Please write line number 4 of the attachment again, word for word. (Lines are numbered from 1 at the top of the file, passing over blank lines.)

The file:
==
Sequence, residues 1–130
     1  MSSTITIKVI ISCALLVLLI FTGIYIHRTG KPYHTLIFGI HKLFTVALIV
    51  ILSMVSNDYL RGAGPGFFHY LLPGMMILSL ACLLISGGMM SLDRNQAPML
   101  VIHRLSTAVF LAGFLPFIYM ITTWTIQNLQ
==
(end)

   101  VIHRLSTAVF LAGFLPFIYM ITTWTIQNLQ